Hummus Chocolate Cake? Yes it is, and good for Pesach

A few months ago, I read a recipe for a flourless chocolate cake on the wonderful Seattle Foodshed blog. I bookmarked it, and decided that Pesach was the perfect time to try it out, as for kitniot eaters, it’s completely KFP and parev to boot. And who would have thought that a cake that’s Kosher for Pesach and made from hummus would originate in the US? So with a few days left of Pesach, I have to share this with you.

I just baked it, and it’s a hit. My kids piled into it, and were shocked when I revealed to them that it’s made with hummus beans instead of flour. My husband asked where the matbucha was…I will definitely make this cake again for Pesach. It turns out like a brownie cake, so you can also make it as bars, and serving it with ice cream would not be a tragedy. As I was writing this recipe, I realized I had forgotten to add the baking powder, but it came out fine!! So if you can’t find KFP baking powder, you can leave it out. Now I will have to bake this again to see what it turns out like WITH baking powder!

I will share this recipe with you here as well, but do visit the Seattle Foodshed blog, as there are also lots of good, healthy recipes there that are worth checking out, and the pictures are great.


Hummus Cake for Pesach


1½ cups chocolate chips or 200g dark chocolate pieces

4 eggs

1 can chickpeas (garbanzo beans) drained

1 teaspoon vanilla extract

¾ cup sugar

1 teaspoon baking powder

How to do it

1. Preheat the oven to 180°C (350°F)

2. In a food processor, mix the chick peas and eggs until smooth. Add the vanilla, sugar and baking powder (if you can’t find baking powder that’s KFP, leave it out) and pulse till combined

3. Melt the chocolate over boiling water (double boiler).  Add the melted chocolate to the cake mix and combine.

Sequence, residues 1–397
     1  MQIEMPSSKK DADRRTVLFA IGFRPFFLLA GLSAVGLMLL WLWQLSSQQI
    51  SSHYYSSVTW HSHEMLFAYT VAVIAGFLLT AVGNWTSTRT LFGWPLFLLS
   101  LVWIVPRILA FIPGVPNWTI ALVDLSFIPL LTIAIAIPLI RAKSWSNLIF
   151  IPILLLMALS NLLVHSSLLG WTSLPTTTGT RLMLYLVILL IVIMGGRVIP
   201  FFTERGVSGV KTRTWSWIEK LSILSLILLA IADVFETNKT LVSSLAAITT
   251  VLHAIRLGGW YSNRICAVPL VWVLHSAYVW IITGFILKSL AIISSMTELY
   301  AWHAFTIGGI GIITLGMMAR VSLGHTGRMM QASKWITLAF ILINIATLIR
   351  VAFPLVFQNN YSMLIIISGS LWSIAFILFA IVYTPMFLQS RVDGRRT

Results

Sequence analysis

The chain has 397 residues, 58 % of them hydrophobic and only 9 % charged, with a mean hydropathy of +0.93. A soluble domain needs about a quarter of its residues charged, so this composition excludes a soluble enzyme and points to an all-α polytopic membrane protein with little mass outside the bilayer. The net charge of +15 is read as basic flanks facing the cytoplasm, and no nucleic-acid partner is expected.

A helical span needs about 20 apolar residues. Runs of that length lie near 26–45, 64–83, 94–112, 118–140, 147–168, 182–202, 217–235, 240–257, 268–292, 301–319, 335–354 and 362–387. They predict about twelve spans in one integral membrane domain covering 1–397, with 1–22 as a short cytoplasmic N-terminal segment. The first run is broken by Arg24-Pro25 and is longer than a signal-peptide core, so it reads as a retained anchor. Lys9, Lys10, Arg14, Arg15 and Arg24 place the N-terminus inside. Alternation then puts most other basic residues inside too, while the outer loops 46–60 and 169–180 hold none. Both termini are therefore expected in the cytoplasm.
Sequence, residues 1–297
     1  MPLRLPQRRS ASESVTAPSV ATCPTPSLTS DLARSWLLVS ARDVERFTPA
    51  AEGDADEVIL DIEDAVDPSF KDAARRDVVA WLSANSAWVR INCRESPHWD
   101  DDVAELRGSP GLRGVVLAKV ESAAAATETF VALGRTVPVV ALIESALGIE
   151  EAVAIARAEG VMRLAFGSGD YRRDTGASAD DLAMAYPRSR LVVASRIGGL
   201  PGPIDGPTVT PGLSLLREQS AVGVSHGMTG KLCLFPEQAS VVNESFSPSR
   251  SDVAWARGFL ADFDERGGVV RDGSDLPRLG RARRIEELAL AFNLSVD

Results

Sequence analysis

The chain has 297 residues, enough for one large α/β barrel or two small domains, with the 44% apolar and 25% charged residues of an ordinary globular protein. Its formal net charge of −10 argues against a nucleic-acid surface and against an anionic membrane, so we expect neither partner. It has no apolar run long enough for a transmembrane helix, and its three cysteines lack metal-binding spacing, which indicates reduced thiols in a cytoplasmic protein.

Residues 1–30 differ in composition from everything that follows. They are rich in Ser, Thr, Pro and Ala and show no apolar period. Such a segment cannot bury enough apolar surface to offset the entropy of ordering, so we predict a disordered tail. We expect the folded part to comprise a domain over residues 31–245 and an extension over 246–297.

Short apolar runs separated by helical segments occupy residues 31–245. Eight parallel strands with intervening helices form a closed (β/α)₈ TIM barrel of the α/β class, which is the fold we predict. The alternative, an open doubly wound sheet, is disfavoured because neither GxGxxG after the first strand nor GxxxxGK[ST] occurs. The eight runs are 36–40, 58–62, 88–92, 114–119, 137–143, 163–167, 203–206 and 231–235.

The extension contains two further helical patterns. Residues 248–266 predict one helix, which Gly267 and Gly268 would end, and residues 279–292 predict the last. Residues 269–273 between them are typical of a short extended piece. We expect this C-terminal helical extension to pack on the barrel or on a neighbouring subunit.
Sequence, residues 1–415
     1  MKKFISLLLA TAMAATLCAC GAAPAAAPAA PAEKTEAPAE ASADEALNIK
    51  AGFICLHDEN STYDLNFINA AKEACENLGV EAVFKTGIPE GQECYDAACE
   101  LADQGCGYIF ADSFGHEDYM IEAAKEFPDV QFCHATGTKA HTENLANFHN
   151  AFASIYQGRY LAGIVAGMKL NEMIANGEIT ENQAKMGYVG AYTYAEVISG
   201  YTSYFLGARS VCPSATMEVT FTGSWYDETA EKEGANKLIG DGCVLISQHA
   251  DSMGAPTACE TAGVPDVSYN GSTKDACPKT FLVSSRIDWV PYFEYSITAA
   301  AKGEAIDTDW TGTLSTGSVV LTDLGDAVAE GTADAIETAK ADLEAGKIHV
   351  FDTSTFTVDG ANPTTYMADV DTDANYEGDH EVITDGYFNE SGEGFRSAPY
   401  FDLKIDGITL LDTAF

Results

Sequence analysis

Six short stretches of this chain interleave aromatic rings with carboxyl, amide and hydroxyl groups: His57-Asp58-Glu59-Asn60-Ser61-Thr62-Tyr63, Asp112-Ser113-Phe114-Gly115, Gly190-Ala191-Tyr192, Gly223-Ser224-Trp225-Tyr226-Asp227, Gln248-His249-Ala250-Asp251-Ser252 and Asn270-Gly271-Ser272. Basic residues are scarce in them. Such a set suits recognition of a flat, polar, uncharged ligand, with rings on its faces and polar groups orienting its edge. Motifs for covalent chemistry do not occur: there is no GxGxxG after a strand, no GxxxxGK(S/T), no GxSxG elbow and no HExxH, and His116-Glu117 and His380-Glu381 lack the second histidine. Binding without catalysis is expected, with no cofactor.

4. Line a 22cm (9 inch) baking tin with baking paper and grease. Pour the mixture into the tin and bake for 35-40 minutes.

Recipes for Pesach – Part III

Desserts are generally the biggest challenge to make kosher for Pesach. Over the years, I have found some reliable recipes that taste good and aren’t terribly difficult to make. In general, kosher for Pesach dessert require lots of eggs, a lot of whisking of egg whites, and as a result, the use of multiple bowls. It’s hard to avoid and part of the process, so just make sure you have enough bowls to use. Most importantly, all these desserts are parev.

Coconut Mounds – Pesach isn’t Pesach without coconut cookies. In my childhood, coconut macaroons (which is what we called them even though they really weren’t macaroons) were one of the few confectionaries to be found kosher for Pesach in South Africa, so this is a real childhood taste. When I first made this recipe, I was sure it would be disastrous because it just seemed way too easy. I was wrong. They are delicious and crazy easy, so do make them with your kids. 

Apple Squares for Pesach – This is a regular on my Seder dessert table. It’s easy to make, tastes good and isn’t overly sweet. And of course, it’s parev, so works on many levels. There’s nothing like fruit to cover the taste of the kosher for Pesach “flours”!

Chocolate Roll For Pesach – Here’s a fun dessert that’s versatile, tastes good and looks good. Have fun with fillings of your choice. I offer two options, but you can get creative and add whatever you and your family like.